By Chip Grimshaw
Panel 1: A young boy, no more than 9, sits in front of an old computer monitor.
Panel 2: We see the text on the monitor, a green courier on the black background.
> So you okay with that? The price is okay?
> Yep. Let me give you my address. You can come by any time.
Panel 3: The boy has a big smile on his face, like a cat who just caught the canary.
Panel 4: Off in the background, the boys parents are a wee bit concerned, but strangely keep their mouths shut.
A bit of background: before the utter prevalence of the Internet and broadband, it was possible to do online communication and whatnot by calling a dedicated line and connecting to a computer there. Said computer ran programs called BBSs, or Bulletin Boards, and you could send messages, play games, and even chat. Really, you could do all types of things you can do nowadays, but you had to do it all in text. As a comparison, your standard connection nowadays is about 34,000 times faster than what was considered high speed in the early 80s.
But at 9 years old, I really didn't care. As long as my parents didn't mind me taking up the phone line for a bit, I could play free games, talk to people, and find all kinds of shared interests. One such interest, of course, was comic books. And when I found out someone was looking to sell one of his old longboxes for only $50, I jumped at the opportunity.
I can only imagine now what my parents must have thought. This was before Chris Hansen became a household name, before soccer moms were trading tips on blogs, and before you could watch an entire season of a TV show using your phone. All they knew is that some random guy their son had talked to on the family computer was going to show up at their house.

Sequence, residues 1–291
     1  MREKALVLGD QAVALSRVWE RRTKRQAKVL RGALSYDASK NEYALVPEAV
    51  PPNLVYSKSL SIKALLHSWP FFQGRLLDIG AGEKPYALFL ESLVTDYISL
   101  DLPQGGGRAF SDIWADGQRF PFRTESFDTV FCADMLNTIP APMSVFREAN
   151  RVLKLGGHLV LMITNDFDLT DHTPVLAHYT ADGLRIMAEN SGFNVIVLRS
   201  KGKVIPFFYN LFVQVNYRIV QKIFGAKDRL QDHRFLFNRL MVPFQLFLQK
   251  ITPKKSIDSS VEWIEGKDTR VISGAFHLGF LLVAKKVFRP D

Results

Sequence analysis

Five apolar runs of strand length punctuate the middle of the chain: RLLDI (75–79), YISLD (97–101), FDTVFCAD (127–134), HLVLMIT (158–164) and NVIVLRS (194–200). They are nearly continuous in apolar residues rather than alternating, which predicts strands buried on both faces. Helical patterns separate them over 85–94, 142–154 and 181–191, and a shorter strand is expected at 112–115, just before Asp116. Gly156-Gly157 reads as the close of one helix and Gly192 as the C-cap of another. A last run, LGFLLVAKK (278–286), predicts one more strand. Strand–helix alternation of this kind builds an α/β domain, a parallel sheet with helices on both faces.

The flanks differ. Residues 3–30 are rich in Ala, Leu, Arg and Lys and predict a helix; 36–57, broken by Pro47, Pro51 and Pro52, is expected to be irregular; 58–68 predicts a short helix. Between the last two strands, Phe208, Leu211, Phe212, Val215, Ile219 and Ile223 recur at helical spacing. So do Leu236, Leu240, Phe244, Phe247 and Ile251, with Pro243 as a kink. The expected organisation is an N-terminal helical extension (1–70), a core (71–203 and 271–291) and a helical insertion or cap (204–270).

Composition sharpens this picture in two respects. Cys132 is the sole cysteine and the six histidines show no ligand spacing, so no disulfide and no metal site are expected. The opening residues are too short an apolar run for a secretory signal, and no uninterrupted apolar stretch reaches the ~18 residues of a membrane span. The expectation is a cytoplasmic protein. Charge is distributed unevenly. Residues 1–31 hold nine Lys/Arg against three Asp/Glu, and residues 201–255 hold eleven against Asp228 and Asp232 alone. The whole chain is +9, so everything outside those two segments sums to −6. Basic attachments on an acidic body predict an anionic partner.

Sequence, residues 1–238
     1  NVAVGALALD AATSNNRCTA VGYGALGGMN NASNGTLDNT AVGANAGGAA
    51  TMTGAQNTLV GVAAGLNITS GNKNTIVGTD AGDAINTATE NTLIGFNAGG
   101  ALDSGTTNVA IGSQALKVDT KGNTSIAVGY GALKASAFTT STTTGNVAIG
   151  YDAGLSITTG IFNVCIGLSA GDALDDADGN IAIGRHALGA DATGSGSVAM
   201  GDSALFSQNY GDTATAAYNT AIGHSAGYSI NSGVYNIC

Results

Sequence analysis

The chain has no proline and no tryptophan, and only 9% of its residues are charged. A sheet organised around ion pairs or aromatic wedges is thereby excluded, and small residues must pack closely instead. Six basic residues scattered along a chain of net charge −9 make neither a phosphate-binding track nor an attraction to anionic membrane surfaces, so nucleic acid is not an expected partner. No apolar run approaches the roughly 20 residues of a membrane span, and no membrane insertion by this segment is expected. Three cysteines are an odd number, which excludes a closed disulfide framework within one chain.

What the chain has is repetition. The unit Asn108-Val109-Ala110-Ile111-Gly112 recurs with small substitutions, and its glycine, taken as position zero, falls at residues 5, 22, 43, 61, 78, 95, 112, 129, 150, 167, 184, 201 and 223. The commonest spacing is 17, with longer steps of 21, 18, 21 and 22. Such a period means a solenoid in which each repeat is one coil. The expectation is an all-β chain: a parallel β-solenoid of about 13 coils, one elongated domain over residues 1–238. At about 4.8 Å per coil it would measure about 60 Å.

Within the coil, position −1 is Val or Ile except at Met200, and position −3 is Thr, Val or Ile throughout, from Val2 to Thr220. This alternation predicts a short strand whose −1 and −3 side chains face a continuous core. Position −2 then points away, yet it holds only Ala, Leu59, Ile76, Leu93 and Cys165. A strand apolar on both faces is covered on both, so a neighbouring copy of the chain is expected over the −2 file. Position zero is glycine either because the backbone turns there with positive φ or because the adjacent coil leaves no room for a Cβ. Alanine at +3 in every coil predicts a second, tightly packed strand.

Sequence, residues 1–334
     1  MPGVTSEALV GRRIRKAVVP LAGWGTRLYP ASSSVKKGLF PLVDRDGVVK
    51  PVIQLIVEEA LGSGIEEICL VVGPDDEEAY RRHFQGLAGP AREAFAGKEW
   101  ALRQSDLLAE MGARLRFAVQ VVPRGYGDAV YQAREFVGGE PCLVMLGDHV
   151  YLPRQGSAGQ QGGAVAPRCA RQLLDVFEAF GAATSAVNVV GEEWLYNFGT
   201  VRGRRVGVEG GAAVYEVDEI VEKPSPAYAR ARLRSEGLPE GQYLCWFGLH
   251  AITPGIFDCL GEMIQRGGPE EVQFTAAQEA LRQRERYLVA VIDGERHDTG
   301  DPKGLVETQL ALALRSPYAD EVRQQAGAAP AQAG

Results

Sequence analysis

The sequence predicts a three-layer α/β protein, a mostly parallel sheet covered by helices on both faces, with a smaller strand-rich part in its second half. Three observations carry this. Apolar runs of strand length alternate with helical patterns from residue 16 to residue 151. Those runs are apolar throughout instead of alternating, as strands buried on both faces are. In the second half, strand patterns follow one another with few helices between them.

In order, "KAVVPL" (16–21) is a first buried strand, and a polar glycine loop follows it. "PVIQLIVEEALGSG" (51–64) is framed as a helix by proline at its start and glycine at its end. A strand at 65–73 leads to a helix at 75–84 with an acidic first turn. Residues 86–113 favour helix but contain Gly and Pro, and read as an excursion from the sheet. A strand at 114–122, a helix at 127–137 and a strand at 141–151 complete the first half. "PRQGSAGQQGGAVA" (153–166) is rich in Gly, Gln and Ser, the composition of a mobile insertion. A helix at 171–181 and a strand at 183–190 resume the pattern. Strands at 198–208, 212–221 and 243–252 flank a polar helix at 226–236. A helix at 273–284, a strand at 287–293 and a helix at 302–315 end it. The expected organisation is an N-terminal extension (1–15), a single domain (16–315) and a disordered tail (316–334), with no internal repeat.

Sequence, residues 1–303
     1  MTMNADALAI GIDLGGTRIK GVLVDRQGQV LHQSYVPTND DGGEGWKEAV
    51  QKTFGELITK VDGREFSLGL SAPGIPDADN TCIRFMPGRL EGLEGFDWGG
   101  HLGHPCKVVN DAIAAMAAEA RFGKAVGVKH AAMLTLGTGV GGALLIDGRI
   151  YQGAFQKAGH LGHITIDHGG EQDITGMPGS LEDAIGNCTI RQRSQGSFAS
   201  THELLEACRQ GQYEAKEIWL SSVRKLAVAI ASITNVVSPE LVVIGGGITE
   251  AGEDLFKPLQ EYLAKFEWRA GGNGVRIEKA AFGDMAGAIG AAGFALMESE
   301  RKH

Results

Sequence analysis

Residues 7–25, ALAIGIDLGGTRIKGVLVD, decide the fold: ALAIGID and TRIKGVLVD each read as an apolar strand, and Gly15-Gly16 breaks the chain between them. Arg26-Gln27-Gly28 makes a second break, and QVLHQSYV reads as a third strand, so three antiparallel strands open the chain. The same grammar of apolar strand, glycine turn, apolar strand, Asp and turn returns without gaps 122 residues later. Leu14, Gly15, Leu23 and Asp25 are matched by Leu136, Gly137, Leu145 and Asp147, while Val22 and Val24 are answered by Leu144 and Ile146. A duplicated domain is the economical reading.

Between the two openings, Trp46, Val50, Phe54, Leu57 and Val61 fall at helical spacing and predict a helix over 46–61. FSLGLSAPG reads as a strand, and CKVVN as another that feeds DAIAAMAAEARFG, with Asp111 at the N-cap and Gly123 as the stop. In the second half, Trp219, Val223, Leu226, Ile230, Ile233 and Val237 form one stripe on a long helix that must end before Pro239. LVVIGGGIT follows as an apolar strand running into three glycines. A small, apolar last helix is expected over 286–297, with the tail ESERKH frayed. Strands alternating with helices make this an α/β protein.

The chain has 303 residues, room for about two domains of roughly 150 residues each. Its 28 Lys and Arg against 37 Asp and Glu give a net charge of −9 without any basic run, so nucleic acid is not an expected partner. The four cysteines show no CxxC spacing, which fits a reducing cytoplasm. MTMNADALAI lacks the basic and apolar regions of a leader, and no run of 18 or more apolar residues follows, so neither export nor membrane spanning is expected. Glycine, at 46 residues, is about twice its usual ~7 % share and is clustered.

The exchange went off without any problems. I got a nice random set of comics, a good number of Batman issues, and Amazing Spiderman #188, the second appearance of Jigsaw. Years later now, I wonder…did my parents go along with the sale just for the sake of things? Did they really trust my 9 year old sense of judgment? Or was my dad waiting nearby with a baseball bat just in case things got bad? And more so, when I have children of my own, what will my reaction be if they want to give some guy they've never met $50 for a box of comics?
Chip Grimshaw has probably spent more time on computers in his lifetime than is healthy, but he doesn't care. With a name like Chip, he was destined to either use computers or be a potato.